An ancient underworld
All over the world and across history, different human societies have thought long and hard about what happens to people after they die.
A study of the dry-stone tombs at Maeshow in Orkney, which date back nearly 5,000 years, suggests that features of the side chambers were deliberately placed upside down because they were thought to be in the underworld.
According to this new interpretation, the walls separating these spaces from the main chamber formed the barrier between this world and the next.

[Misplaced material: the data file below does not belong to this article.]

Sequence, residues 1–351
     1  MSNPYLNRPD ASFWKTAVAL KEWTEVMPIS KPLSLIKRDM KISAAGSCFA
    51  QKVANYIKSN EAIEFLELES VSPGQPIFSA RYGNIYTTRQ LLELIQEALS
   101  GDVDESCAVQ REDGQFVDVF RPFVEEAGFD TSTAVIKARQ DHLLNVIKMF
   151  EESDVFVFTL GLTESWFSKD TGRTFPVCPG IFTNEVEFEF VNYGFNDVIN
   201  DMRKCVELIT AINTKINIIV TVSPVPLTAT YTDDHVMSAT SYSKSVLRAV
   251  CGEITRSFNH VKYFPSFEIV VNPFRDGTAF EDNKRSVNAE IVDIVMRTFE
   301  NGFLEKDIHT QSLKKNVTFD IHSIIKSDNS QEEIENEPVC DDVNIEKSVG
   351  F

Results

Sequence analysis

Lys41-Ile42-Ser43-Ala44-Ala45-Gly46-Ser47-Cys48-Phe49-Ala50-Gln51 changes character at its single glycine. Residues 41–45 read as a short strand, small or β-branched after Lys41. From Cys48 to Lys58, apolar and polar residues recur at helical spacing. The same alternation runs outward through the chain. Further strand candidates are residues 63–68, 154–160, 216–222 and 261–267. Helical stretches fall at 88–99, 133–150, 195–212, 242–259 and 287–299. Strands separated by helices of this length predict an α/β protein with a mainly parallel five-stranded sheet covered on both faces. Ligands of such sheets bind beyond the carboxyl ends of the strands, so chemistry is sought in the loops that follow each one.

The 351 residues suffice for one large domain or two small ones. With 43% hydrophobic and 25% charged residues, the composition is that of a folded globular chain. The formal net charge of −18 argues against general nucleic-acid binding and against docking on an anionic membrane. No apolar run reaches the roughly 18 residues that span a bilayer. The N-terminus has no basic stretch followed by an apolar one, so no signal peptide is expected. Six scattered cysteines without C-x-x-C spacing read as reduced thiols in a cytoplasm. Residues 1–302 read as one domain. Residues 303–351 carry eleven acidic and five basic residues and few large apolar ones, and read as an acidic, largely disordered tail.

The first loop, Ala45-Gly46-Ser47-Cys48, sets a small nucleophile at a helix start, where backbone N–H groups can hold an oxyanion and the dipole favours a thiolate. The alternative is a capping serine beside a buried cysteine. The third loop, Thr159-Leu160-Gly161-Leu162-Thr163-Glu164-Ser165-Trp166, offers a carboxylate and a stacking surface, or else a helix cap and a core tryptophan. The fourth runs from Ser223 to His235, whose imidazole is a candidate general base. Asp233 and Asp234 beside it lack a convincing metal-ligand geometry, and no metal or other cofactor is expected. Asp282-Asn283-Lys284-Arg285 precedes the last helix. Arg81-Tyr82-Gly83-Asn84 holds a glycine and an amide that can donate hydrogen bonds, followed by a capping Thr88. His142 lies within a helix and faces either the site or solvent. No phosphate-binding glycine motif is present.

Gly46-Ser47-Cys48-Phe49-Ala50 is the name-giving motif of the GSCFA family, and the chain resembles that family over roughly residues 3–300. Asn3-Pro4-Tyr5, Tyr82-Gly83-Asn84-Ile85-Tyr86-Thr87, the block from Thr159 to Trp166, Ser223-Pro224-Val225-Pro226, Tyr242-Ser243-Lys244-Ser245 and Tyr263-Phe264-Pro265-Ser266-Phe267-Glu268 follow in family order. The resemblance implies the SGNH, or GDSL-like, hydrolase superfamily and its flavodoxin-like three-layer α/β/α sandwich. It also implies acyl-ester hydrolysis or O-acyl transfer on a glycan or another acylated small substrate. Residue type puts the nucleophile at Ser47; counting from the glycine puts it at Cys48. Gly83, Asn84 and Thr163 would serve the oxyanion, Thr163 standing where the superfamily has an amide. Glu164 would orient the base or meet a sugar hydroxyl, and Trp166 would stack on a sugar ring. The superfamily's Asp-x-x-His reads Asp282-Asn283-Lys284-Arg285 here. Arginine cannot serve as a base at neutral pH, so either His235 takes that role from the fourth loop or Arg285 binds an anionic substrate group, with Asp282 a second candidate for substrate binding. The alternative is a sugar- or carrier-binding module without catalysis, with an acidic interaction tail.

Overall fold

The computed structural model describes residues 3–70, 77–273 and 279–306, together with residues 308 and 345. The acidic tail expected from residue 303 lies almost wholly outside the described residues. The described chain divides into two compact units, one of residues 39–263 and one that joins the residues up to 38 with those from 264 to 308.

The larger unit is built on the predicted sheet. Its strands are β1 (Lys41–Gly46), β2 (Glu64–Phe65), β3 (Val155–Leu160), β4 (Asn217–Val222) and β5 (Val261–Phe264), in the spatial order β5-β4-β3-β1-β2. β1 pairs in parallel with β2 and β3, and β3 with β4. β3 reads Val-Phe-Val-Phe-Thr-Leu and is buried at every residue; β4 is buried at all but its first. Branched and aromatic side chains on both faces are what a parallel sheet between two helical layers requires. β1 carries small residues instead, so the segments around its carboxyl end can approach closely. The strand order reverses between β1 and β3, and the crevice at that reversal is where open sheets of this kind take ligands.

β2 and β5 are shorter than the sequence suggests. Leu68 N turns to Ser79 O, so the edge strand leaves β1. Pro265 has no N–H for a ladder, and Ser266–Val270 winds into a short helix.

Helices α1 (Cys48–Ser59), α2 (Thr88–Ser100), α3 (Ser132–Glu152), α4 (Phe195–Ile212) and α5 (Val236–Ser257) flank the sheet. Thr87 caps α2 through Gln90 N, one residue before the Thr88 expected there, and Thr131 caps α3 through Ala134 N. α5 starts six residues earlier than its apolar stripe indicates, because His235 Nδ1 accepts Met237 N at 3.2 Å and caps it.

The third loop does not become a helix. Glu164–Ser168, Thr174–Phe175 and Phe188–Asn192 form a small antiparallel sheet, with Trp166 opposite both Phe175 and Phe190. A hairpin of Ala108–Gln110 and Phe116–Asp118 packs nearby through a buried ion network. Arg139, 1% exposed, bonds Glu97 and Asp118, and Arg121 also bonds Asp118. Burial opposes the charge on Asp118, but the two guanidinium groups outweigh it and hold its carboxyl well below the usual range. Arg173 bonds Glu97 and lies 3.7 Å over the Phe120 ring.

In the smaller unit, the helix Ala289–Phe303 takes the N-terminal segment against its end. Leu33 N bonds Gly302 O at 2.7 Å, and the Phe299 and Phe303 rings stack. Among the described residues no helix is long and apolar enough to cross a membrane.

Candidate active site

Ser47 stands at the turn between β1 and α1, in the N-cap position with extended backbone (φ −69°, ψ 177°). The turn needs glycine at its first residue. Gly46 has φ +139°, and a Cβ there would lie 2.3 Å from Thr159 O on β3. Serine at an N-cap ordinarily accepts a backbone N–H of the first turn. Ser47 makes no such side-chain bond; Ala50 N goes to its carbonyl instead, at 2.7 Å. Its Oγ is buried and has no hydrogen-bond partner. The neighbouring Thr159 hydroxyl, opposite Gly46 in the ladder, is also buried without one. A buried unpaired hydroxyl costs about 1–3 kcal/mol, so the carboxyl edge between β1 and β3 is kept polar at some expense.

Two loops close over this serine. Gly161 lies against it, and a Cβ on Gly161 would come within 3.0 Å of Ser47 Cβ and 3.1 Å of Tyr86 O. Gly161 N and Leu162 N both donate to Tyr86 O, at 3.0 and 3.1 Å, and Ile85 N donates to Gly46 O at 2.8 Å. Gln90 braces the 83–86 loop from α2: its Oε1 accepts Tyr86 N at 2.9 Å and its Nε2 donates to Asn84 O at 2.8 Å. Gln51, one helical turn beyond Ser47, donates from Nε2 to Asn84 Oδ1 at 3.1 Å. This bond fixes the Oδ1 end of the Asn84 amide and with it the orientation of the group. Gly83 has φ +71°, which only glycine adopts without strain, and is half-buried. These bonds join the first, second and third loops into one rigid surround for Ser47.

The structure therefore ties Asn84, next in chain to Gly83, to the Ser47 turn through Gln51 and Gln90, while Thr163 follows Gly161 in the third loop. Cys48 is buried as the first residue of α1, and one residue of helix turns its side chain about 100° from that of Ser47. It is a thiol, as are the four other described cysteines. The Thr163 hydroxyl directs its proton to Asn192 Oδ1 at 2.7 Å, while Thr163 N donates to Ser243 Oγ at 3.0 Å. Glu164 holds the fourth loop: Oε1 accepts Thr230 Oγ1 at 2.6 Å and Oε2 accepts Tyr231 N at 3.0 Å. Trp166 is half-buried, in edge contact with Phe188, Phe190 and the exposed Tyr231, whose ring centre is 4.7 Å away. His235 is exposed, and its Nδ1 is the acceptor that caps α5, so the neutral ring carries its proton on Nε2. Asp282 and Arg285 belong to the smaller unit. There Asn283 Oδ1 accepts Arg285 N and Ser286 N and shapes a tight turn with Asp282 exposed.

The famous tomb is also carefully aligned so that during the winter solstice, the sun shines down a passageway and hits the back wall of the main chamber.
The beliefs of the inhabitants of Orkney in Neolithic times were obviously very different to those held today but, that said, they were attempting to answer the same fundamental questions about life and death that still occupy the minds of many.
What we share with our ancient ancestors is the idea that life is precious and that care should be taken when marking its passing.